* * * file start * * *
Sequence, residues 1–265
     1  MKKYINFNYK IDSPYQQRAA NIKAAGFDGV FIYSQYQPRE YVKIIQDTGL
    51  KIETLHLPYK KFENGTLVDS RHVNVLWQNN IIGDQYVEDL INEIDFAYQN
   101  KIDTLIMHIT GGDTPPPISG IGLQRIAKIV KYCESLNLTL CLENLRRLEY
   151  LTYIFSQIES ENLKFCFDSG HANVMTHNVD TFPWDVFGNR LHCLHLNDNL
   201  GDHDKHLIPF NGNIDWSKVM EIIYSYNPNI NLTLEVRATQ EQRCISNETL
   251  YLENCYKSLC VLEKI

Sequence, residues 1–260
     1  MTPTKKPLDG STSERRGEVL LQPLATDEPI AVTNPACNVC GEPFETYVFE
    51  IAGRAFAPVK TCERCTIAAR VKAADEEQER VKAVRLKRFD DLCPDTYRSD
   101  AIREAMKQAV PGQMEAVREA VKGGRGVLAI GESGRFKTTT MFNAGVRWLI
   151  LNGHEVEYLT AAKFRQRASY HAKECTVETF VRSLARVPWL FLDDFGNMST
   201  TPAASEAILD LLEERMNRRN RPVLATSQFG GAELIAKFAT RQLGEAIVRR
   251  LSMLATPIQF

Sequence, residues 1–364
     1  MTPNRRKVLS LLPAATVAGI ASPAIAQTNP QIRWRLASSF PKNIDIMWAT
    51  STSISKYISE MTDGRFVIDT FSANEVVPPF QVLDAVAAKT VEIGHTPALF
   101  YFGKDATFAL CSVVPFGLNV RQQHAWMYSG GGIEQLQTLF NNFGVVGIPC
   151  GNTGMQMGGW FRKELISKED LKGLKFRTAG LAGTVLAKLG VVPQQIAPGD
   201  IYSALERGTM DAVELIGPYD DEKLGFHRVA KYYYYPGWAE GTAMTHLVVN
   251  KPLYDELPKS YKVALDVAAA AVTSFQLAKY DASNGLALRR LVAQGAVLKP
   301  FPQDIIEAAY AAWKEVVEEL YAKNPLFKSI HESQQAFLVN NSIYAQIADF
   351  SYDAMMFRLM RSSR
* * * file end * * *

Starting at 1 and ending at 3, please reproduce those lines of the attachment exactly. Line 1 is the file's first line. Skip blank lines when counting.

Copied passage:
Sequence, residues 1–265
     1  MKKYINFNYK IDSPYQQRAA NIKAAGFDGV FIYSQYQPRE YVKIIQDTGL
    51  KIETLHLPYK KFENGTLVDS RHVNVLWQNN IIGDQYVEDL INEIDFAYQN